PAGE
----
Tech Industry

2HRS2GO: Good tech still needs a good price

Business may be global, but after the failure of one effort, the bankruptcy of another and hardships at a third, it ought to be clear by now that no one wants to pay a lot for global wireless service.

Bill Gates and other investors committed another $315 million to Craig McCaw's ICO-Teledesic Global project, designed to provide high-speed Internet access through satellites. The collapse of Iridium, the bankruptcy of ICO Global Communications (acquired by McCaw and added to Teledesic) and financial difficulties at Globalstar Telecommunications (Nasdaq: GSTRF) haven't deterred McCaw from pressing ahead with his Internet-in-the-Sky dream of 288 satellites to handle the world's data.

The investments announced today come on top of previous infusions of $200 million from Prince Alwaleed Bin Talal and $121 million from an Abu Dhabi firm, among others. McCaw's Eagle River Investments company also chipped in $500 million to complete the $1.2 billion rescue of ICO from bankruptcy.

McCaw began Teledesic in 1994. Gates was an investor from the start. Bin Talal and the Abu Dhabi folks came on a couple of years ago. Other well-known stakeholders include The Boeing Co. (NYSE: BA) and Motorola (NYSE: MOT), although that last one has had a somewhat testy relationship with Teledesic. Besides, Motorola was already burned by the aforementioned Iridium.

I shouldn't stretch the comparisons, because ICO-Teledesic is different from Iridium and Globalstar in at least one significant way. While the latter two feature voice-oriented systems, the former is touting high speed Internet access -- up to 2,000 times faster than a dial-up connection, though I'm not entirely sure what kind of dial-up connection they're comparing to.

Still, it sounds like Teledesic promises maximum speeds well in excess of cable and DSL, currently the top two broadband solutions. No way Iridium was going to match that kind of performance, which is why McCaw decided against buying it earlier this year.

On the other hand, McCaw revived ICO from Chapter 11 because he saw a New ICO, with its non-broadband wireless phone and data offerings, as a way to ease into his grandiose scheme.

The New ICO now plans to formally begin service in 2003. To get there, the company reportedly needs another $2.1 billion, in addition to the investments unveiled today.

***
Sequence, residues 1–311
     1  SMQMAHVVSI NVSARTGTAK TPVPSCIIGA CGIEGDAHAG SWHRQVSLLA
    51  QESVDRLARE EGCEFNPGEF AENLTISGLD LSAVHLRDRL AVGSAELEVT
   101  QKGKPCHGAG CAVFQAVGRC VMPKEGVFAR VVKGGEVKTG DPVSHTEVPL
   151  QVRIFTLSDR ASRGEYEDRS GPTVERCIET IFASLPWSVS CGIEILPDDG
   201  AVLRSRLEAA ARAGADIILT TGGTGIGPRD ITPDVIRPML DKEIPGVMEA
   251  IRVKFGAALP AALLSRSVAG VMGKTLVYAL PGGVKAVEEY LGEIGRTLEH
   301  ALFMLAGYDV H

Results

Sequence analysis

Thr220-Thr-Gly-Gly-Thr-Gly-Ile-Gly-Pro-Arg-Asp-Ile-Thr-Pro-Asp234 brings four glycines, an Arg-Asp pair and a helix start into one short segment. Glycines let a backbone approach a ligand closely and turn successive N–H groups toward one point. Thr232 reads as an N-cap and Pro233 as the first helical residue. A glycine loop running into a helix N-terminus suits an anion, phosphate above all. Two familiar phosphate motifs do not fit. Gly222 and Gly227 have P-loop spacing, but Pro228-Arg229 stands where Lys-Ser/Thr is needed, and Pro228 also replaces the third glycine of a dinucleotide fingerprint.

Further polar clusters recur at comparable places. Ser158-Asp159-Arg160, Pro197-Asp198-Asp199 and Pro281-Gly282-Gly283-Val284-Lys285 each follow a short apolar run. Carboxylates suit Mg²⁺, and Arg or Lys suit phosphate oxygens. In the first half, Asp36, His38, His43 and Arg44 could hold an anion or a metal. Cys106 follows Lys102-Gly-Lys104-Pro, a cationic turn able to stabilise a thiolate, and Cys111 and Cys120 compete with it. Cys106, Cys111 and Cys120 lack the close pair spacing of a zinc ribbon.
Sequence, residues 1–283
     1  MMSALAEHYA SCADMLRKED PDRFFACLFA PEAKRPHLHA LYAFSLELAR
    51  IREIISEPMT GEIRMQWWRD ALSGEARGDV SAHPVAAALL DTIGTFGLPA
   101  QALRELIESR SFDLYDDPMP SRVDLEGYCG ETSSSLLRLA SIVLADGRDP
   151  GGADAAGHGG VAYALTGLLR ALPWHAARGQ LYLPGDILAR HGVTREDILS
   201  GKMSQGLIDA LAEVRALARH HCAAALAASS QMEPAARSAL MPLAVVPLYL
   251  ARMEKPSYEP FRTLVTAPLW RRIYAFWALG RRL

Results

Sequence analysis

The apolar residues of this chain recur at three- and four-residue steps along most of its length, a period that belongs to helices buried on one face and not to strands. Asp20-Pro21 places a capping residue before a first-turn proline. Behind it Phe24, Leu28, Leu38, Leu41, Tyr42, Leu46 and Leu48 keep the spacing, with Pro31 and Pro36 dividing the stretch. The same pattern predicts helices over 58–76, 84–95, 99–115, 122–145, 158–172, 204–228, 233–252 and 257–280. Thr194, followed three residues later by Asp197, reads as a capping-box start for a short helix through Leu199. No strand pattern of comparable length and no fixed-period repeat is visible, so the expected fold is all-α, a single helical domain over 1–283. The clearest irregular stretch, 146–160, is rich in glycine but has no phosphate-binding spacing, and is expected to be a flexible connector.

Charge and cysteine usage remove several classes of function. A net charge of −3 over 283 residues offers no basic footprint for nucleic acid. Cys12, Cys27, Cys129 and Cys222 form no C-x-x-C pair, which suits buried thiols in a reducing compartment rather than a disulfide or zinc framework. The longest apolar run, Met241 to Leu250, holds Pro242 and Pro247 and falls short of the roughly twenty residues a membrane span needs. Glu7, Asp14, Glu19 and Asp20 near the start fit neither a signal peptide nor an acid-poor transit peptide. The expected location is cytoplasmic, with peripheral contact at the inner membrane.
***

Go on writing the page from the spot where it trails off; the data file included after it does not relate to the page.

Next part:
The Teledesic side of things seems to be constantly undergoing revision, although after six years, you'd think designers would have settled on something concrete by now. The last estimate I saw put an estimated $10 billion price tag to develop the Teledesic "constellation" of satellites. That estimate was from last year; don't be surprised if the price has increased since then.

ICO-Teledesic says it has enough money to operate for at least a year right now. But you can bet the company is eyeing an IPO at some point. It's hard to raise more than $12 billion from bank loans and bonds alone.

When McCaw & Co. take their child public, I hope they can provide some pricing details by then. Because no matter how good the technology is -- and it better be very good after the glitches experienced by the other satellite guys -- it will fail if it costs too much.

That may sound obvious, but obviously it isn't, or else technology companies wouldn't keep making the same mistake.

Ultimately, pricing sealed Iridium's fate. Though the company eventually worked out many of its technical problems, few people outside of the U.S. military -- gee, what a surprise -- felt like paying per-minute charges measured in dollars on an Iridium system. Especially when those fees are measured in cents on a ground-based wireless network.

You can find other pricing failures, recent and past.

One reason (though not the only one) why Apple (Nasdaq: AAPL) never secured a commading lead for MacIntosh was because in 1985, you could buy an IBM-compatible PC at a much lower cost.

DRAM from Rambus (Nasdaq: RMBS) remains more of a concept than a reality for most people for the same reason. Take two Dell PCs and configure them exactly the same way, save for the type of memory; the one with SDRAM will be more than $1,000 cheaper than the one with RDRAM.

Judging by its early advertisements, ICO-Teledesic plans to target corporate and government users. But even big businesses are cost-conscious; most won't pay more for satellite broadband than they would for business DSL (which is currently a rip-off at hundreds of dollars per month).

Yes, new technology always costs more. But in the case of network systems, satellites or otherwise, you want to build a sizable audience quickly to recover those expensive capital costs. That requires a competitive price.

And by the time Teledesic's birds fly, you can bet ground-based broadband will be cheaper, perhaps faster, and certainly much more available than it is at the moment. DSL and cable also will have the tag of "proven" technology, whatever that means.

So when Internet-in-the-Sky finally launches in a few years, it will face even stauncher obstacles. The least ICO-Teledesic can do is make sure price isn't one of them, especially when billions of public investor dollars will be at stake. 22GO>